Every summer, my Boston cousins laughed at me. “Park the car in Harvard Yard,” they’d demand that I say. Then they’d howl at my “Rs.” It seems like a cliché now, but my cousins insisted that the proper pronunciation was “pahk the caah.” In “Hahvud Yahd,” of course.
They giggled when I pronounced “aunt” – like “ant,” instead of “awnt.” And I had no idea what they meant when they declared something to be “wicked pissa.” But I didn’t care, since every summer, we got to go out for lobster. Egg rolls and chow mein were as exotic as it got in the small midwestern town where I grew up. No one ate “pasta,” unless you’d count macaroni with ketchup. And lobster? There weren’t many lobsters back home in Indiana.It was in Boston, where I first sampled Salvadoran pupusas, tasted Taiwanese-style duck tongues, and discovered Portuguese egg tarts.When I graduated from college, I moved to Boston, installing myself in a weary studio apartment out in Cleveland Circle. I had a long commute on the Green Line trolley to my first “real” job downtown. I couldn’t afford lobster, even a lobster roll, but for me, Boston was still all about the food.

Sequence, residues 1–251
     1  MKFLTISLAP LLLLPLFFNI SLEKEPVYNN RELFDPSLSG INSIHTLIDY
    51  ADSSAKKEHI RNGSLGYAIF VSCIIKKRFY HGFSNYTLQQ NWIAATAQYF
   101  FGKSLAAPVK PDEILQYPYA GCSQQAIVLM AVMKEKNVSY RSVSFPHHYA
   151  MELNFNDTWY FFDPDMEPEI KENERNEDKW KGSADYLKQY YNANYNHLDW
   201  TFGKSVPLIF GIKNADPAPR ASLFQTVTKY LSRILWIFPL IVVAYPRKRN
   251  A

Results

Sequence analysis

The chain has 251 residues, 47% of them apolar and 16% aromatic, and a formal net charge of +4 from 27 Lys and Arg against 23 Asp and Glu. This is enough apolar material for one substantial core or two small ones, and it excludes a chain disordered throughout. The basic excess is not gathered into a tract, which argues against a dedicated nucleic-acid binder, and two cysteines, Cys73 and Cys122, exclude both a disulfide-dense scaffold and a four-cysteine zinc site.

Wandering around Boston introduced me not only to old New England and new high-tech, to the Freedom Trail and the Top of the Hub, to the Boston Symphony and the dark jazz clubs. I also met up with Brazilian barbecue, Haitian cornmeal porridge, and the buttery mashed plantains Dominicans call mangu.
I spent part of each paycheck on fried clams and Indian pudding. On dim sum in Chinatown and cannoli in the North End. It was in Boston, where I first sampled Salvadoran pupusas, tasted Taiwanese-style duck tongues, and discovered Portuguese egg tarts. Pad thai, pappardelle, and poori were no longer foreign words. They were lunch.
Years later, after I got married (in a restaurant) and our twins were born (fortunately, not in a restaurant), Boston still meant food.
After our family went ice skating on the Frog Pond or bicycling along the Charles, we’d wander over to Chinatown for some coconut buns. The kids would climb on the “Make Way for Duckling” statues in the Public Garden, then slurp down some Japanese udon.
We’d follow the Freedom Trail, too. From the gold-domed State House, we’d head to Faneuil Hall – and the snack stalls of Quincy Market. Then, on to the North End, where we’d treat ourselves to nutty-sweet marzipan shaped like watermelon slices or ripe strawberries.
After more than two decades, I never did pick up a Boston accent. But I’d happily “pahk my caah in Hahvud Yahd” – if I could stop for lobster and cannoli along the way.